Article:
You are here


This paper explores the linguistic, historical, and literary aspects of the otherwise unattested phenomenon of oporothecae, which crop up at crucial, but seemingly incommensurable, points of Varro’s De Re Rustica (RR) and thus provide insight into the treatise’s generic affinities and extra-agronomical agenda. Appearing to denote some kind of place where fruit is stored and/or displayed, these “fruit-galleries” occur in three passages of the work: the first instance emblematizes the unsurpassed fecundity of Gn. Tremelius Scrofa’s estates and the man’s concomitant status as the “most expert” (peritissimus) agronomist of his day (RR 1.2.10); the second passage employs the term more ambivalently, as oporothecae are upheld as aesthetically-pleasing places for occasional dining and commemoration of arable achievement, but are unfortunately also susceptible to deceitful display and mendacious spectacle (1.59.1-3); and the third occurrence caps a decidedly pejorative catalogue of Greek architectural units, which, as foreign transplants now sprung up across Roman Italy, stand in synecdoche for contemporary Romans’ putative abandonment of the mos maiorum (2.pref.1-3).

Linguistically, oporotheca masquerades as a Greek loanword, but further investigation reveals that it is a neologism of the sort that one might find in works of satire – Menippean, Varronian, or otherwise. In other words, the linguistic play at work here is twofold: a neologistic creation of a non-native word and the presentation of it as an existing loanword. The deployment of oporotheca is thus indicative of the sort of verbal play of which the satirical side of the RR partakes. The historical evidence for oporothecae or other similar structures is accordingly scant, but its coinage may, in fact, have had some tenuous basis in reality, most notably, painted garden scenes found in late Second- and Third-Styles of wall-painting (e.g. in the Villa of Livia Ad Gallinas Albas and in the House of the Fruit Orchard, Pompeii; cf. Leach 2004: 123-5 and Petersen 2006: 157-9).Simply understanding the “fruit-gallery” as either a quasi-historical architectural unit or neologistic invention of Menippean fantasy, however, does not account for the thematic importance and programmatic function of the Varronian oporotheca within the RR. Instead, the key to its interpretation lies in the structure’s countervailing capacities not only to satirize contemporary rural practices of the elite (cf. Kronenberg 2009: 100-1), but also to reify the RR’s attempted reconciliation of the pursuit of pleasure (voluptas) with utility (utilitas), the end results of which are, respectively, delight (delectatio) and profit (fructus) (cf. RR 1.4.1). In these respects, oporothecae epitomize the difficult, but ultimately, constructive, tension generated by the RR’s generic amalgamation of the technical treatise, philosophical dialogue, and satire.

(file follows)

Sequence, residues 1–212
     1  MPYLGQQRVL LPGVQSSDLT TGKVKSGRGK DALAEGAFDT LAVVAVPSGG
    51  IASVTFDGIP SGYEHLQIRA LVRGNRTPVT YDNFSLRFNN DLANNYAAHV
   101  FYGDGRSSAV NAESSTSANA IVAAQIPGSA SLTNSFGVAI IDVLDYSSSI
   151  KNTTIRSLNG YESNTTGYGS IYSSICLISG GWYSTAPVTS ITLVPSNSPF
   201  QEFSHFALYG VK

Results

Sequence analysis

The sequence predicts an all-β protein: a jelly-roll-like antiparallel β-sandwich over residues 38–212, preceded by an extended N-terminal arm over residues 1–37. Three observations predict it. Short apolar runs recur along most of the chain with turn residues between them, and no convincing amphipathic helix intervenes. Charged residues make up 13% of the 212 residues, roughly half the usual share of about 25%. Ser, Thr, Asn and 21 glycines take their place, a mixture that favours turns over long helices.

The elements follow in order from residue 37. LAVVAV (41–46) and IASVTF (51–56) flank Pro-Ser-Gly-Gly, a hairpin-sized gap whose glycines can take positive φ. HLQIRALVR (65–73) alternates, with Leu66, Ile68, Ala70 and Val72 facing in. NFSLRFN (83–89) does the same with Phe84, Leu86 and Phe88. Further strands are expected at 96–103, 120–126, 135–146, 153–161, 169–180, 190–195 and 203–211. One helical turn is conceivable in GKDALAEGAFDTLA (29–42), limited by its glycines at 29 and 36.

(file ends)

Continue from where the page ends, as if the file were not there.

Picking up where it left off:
• Kronenberg, L. (2009). Allegories of Farming from Greece to Rome: Philosophical Satire in Xenophon, Varro, and Virgil. Cambridge: Cambridge University Press.
  • Leach, E. W. (2004). The Social Life of Painting in Ancient Rome and the Bay of Naples. Cambridge: Cambridge University Press.
  • Petersen, L. H. (2006). The Freedmen in Roman Art and Art History. Cambridge: Cambridge University Press.

© 2020, Society for Classical Studies Privacy Policy